ode to a Grecian puteal
of two heads Bretton students admire the Roman
antiquities inherited by the University from Bretton Hall,
are to be sold by auction. The heads are among certain
assets at Bretton Hall identified by the HEFCE for sale,
to repay some of the money provided by the funding council
towards the cost of the merger.
Roman Delian altar and the Greek Corinthian puteal, collectively
known as the Delphi Heads, were part of the Bretton Hall
estate when it was sold by the Wentworth family to Wakefield
council in 1946 and so became the property of Bretton
Hall College when it became independent in 1992.
marble puteal, or mouth of a well, dates from the first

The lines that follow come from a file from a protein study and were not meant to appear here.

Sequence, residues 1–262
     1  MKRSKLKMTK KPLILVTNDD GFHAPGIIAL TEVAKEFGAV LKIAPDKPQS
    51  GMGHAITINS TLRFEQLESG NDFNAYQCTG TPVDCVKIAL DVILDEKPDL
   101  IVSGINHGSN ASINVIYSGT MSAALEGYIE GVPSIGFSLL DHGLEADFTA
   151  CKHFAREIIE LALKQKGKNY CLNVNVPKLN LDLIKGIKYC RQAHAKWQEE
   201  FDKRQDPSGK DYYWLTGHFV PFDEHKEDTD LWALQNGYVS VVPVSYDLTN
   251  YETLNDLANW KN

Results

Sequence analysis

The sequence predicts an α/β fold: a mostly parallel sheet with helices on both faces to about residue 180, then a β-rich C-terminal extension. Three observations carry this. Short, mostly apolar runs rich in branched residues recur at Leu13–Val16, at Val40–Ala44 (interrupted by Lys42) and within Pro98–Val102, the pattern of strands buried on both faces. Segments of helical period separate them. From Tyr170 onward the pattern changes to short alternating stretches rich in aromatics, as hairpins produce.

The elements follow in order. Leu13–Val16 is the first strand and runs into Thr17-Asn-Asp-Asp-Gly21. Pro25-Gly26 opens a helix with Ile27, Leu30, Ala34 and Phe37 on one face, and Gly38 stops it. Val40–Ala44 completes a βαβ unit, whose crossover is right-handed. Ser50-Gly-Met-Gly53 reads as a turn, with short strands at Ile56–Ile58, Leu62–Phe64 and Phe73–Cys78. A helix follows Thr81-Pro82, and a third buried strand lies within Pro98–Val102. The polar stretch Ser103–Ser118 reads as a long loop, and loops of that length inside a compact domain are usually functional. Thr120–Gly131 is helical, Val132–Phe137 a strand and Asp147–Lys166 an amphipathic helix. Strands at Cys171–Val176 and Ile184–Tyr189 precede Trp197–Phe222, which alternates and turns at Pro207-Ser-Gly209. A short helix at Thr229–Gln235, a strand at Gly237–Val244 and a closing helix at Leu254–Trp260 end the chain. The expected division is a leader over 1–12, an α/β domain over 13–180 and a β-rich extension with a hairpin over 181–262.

century BC and was collected in Greece by the fifth Earl
of Guildford in the early 1800s. Although recorded extensively
during the nineteenth century, it was then ‘lost’ during
the 1860s, only to resurface again a century later. It
is a relatively rare piece, decorated with a number of
human figures. The Roman altar is more common, with a
decoration of rams’ heads.
pieces were being used as planters in the grounds of the
estate, when Bretton Hall fine art professor David Hill
identified them as ancient antiquities in 1995. They were
subsequently moved and restored, with the help of the
British Museum and the Henry Moore Institute.
University has been instructed by the HEFCE to put the
antiquities up for sale, and following valuation by Christies,
they will be sold by auction early next year. As part
of the merger agreement with the funding council, 80%
of the proceeds will go to the HEFCE, with 20% remaining
with the University to offset the significant investment
both organisations have made.